Magna Park Plot 520, Milton Keynes
Article in NSC May 2018
Distribution park expands with steel
Magna Park is forging ahead with its expansion plans as the latest steel-framed distribution centre, offering 72,000m2 of floor space, nears completion.
Situated between junctions 13 and 14 on the M1, Magna Park, Milton Keynes is said to be a strategically located distribution park that is within a 4.5-hour HGV drive of 54.8M people in the UK, which is 85% of the British population. According to the site’s developer Gazeley, it also benefits from a strong labour force, with 932,000 working age people living within a 30-minute drive. The development is an established location for logistics, home to the distribution operations of some of the UK’s largest and most successful brands including John Lewis, River Island, Waitrose, Barr soft drinks and UK Mail.
Unsurprisingly, steel construction - which accounts for over 90% of the UK shed market - has played an important role in the development of the site as all of the Park’s distribution centres are steel-framed structures. According to Severfield Operations Manager Stephen Jay-Hanmer, his company has had a long relationship with Magna Park as it has erected seven previous buildings on the site prior to starting on Plot 510 (see below) and then the larger Plot 520.
Main contractor VolkerFitzpatrick began work on Plot 520 in December 2017 and started by installing pad foundations in readiness for the steel package.
Speed is of the essence for all construction projects, but possibly more so with distribution centres. From the moment, the main contractor starts on-site, its main objective is to get the frame up as quickly as possible. “The weather hasn’t been great this winter but the steelwork has been unaffected by the wet and snowy conditions,” says VolkerFitzpatrick Project Manager Jon Evans. “The entire steel frame was up in just 10 weeks.”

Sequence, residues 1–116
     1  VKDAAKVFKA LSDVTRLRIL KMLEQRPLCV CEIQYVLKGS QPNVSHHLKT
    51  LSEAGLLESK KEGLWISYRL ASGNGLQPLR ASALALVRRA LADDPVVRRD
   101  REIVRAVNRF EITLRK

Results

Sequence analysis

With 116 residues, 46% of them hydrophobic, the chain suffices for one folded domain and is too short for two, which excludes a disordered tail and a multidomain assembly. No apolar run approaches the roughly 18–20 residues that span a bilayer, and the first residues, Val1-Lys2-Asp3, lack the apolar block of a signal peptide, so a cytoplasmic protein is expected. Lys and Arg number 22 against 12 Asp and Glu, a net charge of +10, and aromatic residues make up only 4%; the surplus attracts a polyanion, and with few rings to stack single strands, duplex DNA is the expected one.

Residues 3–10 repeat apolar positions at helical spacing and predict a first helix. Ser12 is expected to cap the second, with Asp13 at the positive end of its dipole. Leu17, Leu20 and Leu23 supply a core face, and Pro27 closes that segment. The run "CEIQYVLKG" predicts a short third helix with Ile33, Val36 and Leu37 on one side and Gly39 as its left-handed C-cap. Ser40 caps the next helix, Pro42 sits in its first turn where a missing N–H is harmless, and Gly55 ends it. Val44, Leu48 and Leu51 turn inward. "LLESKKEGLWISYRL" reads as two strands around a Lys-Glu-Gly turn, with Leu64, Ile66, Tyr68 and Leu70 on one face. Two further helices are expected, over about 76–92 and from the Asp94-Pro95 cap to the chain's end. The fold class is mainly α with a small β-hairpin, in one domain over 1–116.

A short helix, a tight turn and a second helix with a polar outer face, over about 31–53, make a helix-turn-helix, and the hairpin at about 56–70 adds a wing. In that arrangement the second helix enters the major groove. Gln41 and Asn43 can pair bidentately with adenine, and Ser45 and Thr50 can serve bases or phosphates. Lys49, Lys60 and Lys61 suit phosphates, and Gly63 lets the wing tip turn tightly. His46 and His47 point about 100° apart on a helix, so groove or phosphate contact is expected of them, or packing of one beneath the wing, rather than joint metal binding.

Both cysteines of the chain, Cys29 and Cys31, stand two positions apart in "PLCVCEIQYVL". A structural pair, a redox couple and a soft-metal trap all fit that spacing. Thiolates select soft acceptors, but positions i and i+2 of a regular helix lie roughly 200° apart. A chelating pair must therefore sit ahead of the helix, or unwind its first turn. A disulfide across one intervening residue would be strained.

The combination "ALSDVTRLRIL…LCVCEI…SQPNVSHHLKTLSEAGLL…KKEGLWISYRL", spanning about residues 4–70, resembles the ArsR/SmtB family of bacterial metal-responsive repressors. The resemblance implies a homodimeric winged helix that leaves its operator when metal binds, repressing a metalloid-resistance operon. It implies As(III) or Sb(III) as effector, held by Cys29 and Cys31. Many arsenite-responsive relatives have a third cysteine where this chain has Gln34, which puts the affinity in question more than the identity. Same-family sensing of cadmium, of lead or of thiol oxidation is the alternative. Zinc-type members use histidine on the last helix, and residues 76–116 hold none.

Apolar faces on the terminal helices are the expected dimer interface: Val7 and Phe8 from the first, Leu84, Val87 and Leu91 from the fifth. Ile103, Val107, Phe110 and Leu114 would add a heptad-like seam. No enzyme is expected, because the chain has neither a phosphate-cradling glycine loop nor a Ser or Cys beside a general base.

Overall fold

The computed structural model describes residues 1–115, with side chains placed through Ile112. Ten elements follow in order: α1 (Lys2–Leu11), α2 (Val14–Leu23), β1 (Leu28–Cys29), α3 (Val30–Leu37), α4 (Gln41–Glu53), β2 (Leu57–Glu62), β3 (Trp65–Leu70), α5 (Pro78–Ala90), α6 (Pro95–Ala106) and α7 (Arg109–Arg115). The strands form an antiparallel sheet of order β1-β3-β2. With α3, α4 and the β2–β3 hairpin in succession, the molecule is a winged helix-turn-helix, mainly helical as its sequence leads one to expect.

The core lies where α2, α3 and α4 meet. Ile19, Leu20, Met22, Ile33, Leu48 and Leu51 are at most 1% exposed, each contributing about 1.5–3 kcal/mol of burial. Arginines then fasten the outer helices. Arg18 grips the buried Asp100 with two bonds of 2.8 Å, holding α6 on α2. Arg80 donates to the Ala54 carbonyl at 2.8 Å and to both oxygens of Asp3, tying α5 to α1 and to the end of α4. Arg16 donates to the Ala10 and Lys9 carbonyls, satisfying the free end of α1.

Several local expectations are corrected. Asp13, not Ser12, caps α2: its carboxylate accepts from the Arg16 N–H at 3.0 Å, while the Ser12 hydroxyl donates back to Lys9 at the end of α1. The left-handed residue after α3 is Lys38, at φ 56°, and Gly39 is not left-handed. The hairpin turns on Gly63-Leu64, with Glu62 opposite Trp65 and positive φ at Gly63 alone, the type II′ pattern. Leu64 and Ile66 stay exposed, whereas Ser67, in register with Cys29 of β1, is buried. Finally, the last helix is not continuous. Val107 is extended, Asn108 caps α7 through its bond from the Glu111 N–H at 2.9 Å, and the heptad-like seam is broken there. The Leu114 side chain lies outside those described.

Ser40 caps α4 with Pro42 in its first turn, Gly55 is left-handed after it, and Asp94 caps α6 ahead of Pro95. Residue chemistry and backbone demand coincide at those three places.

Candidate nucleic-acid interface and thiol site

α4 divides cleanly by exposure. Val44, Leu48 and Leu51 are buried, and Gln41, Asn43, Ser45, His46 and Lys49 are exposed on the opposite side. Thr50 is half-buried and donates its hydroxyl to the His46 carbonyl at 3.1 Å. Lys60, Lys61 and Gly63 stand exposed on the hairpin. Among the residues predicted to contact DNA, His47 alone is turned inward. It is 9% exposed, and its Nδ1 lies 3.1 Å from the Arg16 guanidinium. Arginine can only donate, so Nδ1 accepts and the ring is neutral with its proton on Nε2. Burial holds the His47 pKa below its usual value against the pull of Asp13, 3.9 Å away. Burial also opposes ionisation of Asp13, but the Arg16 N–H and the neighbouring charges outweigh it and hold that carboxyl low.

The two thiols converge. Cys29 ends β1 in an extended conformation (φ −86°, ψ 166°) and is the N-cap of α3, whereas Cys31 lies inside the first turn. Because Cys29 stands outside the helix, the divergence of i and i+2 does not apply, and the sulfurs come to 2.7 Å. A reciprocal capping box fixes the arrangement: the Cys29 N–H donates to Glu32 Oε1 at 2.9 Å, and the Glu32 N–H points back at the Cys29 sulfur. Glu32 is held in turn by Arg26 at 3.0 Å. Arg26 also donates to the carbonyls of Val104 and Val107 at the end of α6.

Plot 520 measures 349m-long × 200m-wide and is 20m-high. Inside its mammoth interior of 72,000m2 it could accommodate ten full-size football pitches. The portal-framed structure has six spans, two at 37m and four at 31.5m.
To erect the frame Severfield used four mobile cranes and a workforce of 25. The erection method consisted of completing one row of bays across the whole width of the building before moving onto the next set of bays. Soon after each row was complete they were handed over to the cladding team, who worked immediately behind the steel erectors. By working in this sequential manner, the frame was weathertight soon after the steel was completed.
The initial 200m-wide steelwork required a significant amount of temporary bracing to keep it stable during the erection process. “Bearing in mind the structure is 20m-high and subject to quite considerable wind loads, we had to design a temporary bracing system for each of the span’s valley lines,” explains Severfield Design Manager Dan Dockerty. Severfield used its own re-usable temporary bracing system, which was installed along with the main frame, and was then removed once the permanent stability system was installed.”
The building’s columns are 762 UBs along the perimeters, while internally the company has used plated columns. These members support the roof rafters which were all fabricated and delivered to site in two pieces (two 18.5m rafters for the 37m span and two 15.75m sections for the other spans).
Once the main warehouse structure was up, the final part of the steelwork package involved the erection of an attached three-storey office block. This building required approximately 260t of steel and is a traditional column and beam structure with composite metal deck floors. At ground floor, the 54m-long office building bridges over a 16m-wide HGV route into the warehouse. To create this bridge, a series of plated girders is positioned at first floor over the thoroughfare. Above the second floor level the building also features a plant deck and an outdoor terrace.
Plot 520 is scheduled for completion by September.
Taller the better
Working on behalf of Readie Construction, Severfield has also recently completed Magna Park Plot 510, a building that Gazeley claims is the tallest and largest speculative logistics warehouse in the UK. Known as Altitude, the warehouse is 21m-high and 410m-long × 126m-wide. The building offers 51,660m2 of floor space - equal in size to seven football pitches - and is formed by four 31.5m-wide spans.